RadioBDC Logo
Radioactive | Imagine Dragons Listen Live
THIS STORY HAS BEEN FORMATTED FOR EASY PRINTING

City workers to be honored for going above and beyond

By Amanda Cedrone
Globe Correspondent / October 23, 2011

E-mail this article

Invalid E-mail address
Invalid E-mail address

Sending your article

Your article has been sent.

Text size +

When a 17-year-old victim of sexual abuse did not want to go back to high school, Boston Detective Lanita D. Cullinane was there, pushing her.

“She was trying to overcome so many obstacles,’’ Cullinane said. “I was trying to be the voice for her.’’

Cullinane was working in the city’s Crimes Against Children Unit at the time. Rather than allow the teen to make such a detrimental decision,the detective went out of her way to provide what the victim did not have - a support system. Cullinane offered her rides and made the needed phone calls to get her back into school.

The police detective is among eight city employees who will receive theHenry L. Shattuck Public Service Award on Thursday. The Boston Municipal Research Bureau issues Shattuck Awards each year to honor workers who go above and beyond their duties to provide exceptional public service.

“These are the people that really make the city work,’’ said Samuel Tyler, president of the Boston Municipal Research Bureau. “They’ve been nominated and selected because of their dedication, commitment, and extraordinary work ethic.’’

The bureau is a nonprofit organization that analyzes public policy issues in order to promote a more responsible and efficient city government.

Jeremiah Ford is another 2011 Shattuck recipient. He is the principal and headmaster at the Horace Mann School for the Deaf and Hard of Hearing. His mission is to provide students with the same opportunities as their peers.

Though he has assisted in orchestrating many projects for the school, Ford said he takes the greatest pride in his students’ accomplishments.

Take Marcy, who graduated and went on to a full-time job with a Massachusetts housing authority. Or Gary, who came from the island of Montserrat in the West Indies and now works for the Boston Public Schools and the Bank of New York Mellon.

“We are much more than a school. We are a social service agency,’’ he said. “I see myself as a liaison between the deaf students and the world.’’

Ford has helped raise more than $200,000 during the last 15 years to purchase crucial teaching equipment for Horace Mann classrooms. He also organized a series of American Sign Language classes that take place Saturdays across the city. The classes are open to anyone and are meant to bridge the gap between the deaf and hearing communities.

“There are so many people who have brought wonderful experiences to deaf children,’’ Ford said. “I have to keep that as a foundation, and I have to bring the best to our students.’’

Thomas W. Lema, another recipient of the award, is a Boston police sergeant assigned to area A-1, which includes neighborhoods such as Beacon Hill, Downtown Crossing, and Chinatown. He does everything from working with vendors at Faneuil Hall to securing shelter for the homeless.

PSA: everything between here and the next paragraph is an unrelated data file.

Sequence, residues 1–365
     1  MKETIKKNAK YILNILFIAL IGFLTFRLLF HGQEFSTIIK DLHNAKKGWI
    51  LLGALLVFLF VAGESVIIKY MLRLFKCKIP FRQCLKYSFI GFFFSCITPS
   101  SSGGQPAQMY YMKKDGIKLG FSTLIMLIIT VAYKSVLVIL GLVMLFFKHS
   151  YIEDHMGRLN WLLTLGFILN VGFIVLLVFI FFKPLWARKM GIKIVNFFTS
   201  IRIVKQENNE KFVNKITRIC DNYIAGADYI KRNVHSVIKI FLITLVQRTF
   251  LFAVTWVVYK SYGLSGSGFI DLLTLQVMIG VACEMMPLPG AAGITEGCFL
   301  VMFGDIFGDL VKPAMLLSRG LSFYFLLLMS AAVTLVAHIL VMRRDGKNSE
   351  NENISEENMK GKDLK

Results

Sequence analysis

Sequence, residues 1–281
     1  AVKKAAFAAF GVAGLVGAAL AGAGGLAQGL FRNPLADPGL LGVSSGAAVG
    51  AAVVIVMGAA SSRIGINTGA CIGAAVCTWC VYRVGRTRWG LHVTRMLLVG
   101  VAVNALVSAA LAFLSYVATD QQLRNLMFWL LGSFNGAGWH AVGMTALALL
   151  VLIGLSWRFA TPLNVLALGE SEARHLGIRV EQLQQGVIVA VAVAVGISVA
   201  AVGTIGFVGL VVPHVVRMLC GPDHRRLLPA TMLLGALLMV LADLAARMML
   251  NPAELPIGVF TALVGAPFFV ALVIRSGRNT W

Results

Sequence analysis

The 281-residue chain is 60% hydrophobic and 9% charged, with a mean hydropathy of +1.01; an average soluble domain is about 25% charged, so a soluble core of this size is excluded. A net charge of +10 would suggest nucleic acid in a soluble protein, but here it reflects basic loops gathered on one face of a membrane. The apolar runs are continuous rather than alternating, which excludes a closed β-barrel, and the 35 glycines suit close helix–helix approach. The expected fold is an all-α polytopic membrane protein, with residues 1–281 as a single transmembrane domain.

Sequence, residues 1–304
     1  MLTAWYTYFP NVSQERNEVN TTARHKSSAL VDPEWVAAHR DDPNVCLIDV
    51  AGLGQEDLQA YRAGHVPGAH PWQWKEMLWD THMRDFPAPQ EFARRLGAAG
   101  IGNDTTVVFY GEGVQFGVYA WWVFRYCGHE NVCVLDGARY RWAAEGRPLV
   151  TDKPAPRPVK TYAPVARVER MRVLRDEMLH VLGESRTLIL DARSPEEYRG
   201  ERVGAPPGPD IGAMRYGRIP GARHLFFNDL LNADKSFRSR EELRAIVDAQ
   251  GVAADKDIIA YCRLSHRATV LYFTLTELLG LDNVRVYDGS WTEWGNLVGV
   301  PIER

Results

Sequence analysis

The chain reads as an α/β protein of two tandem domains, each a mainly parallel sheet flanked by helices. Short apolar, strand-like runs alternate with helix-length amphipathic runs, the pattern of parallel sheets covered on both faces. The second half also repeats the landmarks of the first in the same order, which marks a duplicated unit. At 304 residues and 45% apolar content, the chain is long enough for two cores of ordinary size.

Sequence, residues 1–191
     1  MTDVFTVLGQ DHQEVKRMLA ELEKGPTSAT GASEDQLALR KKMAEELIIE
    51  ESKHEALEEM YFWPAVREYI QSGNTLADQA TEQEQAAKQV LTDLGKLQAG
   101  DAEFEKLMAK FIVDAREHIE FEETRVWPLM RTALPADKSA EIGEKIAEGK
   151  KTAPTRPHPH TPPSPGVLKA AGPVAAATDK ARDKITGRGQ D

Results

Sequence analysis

The award is named after Henry L. Shattuck, a businessman, lawyer, and politician who dedicated his life to public service. He died in 1971.

In the past, only department heads nominated candidates. Now, the Boston Municipal Research Bureau receives suggestions from multiple sources, including past Shattuck recipients, other city employees, and the public.

“We’re not able to recognize everybody we’d like to recognize,’’ Tyler said. “There are some people who haven’t been nominated and should have been.’’

The bureau also is giving two Shattuck City Champion Awards, which recognize those in the private sector who have made significant contributions to Boston.

The 2011 City Champions are Lyndia Downie, president and executive director of the Pine Street Inn, and Jack Connors Jr., chairman of Partners HealthCare.

During the last 26 years, the Bureau has recognized 197 city employees.

The awards will be presented Thursday at the Seaport World Trade Center in Boston.

“These are the unsung heroes of Boston in that they are doing the work without a lot of public recognition,’’ Tyler said. “This award signifies that public service is an honorable profession that should be celebrated.’’

Here are the 2011 recipients of the Shattuck Public Service Awards:

Elmo Baldassari, deputy commissioner for the Public Works Department

Christopher Byner, director of external affairs for the Boston Centers for Youth and Families

Lanita D. Cullinane, Boston Police detective

Jeremiah Ford, headmaster at the Horace Mann School

Lynda Fraley, risk financing manager for the Office of Budget Management

Randi Lathrop, deputy director of community planning for the Boston Redevelopment Authority

Thomas W. Lema, Boston Police sergeant

Cheryl Odom, building inspector for the Inspectional Services Department

Amanda Cedrone can be reached at acedrone@globe.com.

Shattuck recipients
The 2011 recipients of the Shattuck Public Service Awards:
■Elmo Baldassari, deputy commissioner for the Public Works Department
■Christopher Byner, director of external affairs for the Boston Centers for Youth and Families
■Lanita D. Cullinane, Boston Police detective
■Jeremiah Ford, headmaster at the Horace Mann School
■Lynda Fraley, risk financing manager for the Office of Budget Management
■Randi Lathrop, deputy director of community planning for the Boston Redevelopment Authority
■Thomas W. Lema, Boston Police sergeant
■Cheryl Odom, building inspector for the Inspectional Services Department